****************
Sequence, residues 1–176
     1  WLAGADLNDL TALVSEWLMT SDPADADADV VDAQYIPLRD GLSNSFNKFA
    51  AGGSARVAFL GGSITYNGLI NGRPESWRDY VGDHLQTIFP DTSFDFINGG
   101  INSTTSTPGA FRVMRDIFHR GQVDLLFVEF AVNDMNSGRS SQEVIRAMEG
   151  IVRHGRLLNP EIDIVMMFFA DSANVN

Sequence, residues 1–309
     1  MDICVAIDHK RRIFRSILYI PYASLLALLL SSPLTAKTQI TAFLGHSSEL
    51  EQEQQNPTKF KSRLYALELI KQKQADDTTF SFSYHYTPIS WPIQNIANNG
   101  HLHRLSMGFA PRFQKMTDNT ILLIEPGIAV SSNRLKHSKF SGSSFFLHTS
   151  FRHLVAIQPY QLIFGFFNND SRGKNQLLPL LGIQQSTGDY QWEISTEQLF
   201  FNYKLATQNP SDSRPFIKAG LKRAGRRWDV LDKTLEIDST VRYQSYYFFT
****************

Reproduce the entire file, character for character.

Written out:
Sequence, residues 1–176
     1  WLAGADLNDL TALVSEWLMT SDPADADADV VDAQYIPLRD GLSNSFNKFA
    51  AGGSARVAFL GGSITYNGLI NGRPESWRDY VGDHLQTIFP DTSFDFINGG
   101  INSTTSTPGA FRVMRDIFHR GQVDLLFVEF AVNDMNSGRS SQEVIRAMEG
   151  IVRHGRLLNP EIDIVMMFFA DSANVN

Sequence, residues 1–309
     1  MDICVAIDHK RRIFRSILYI PYASLLALLL SSPLTAKTQI TAFLGHSSEL
    51  EQEQQNPTKF KSRLYALELI KQKQADDTTF SFSYHYTPIS WPIQNIANNG
   101  HLHRLSMGFA PRFQKMTDNT ILLIEPGIAV SSNRLKHSKF SGSSFFLHTS
   151  FRHLVAIQPY QLIFGFFNND SRGKNQLLPL LGIQQSTGDY QWEISTEQLF
   201  FNYKLATQNP SDSRPFIKAG LKRAGRRWDV LDKTLEIDST VRYQSYYFFT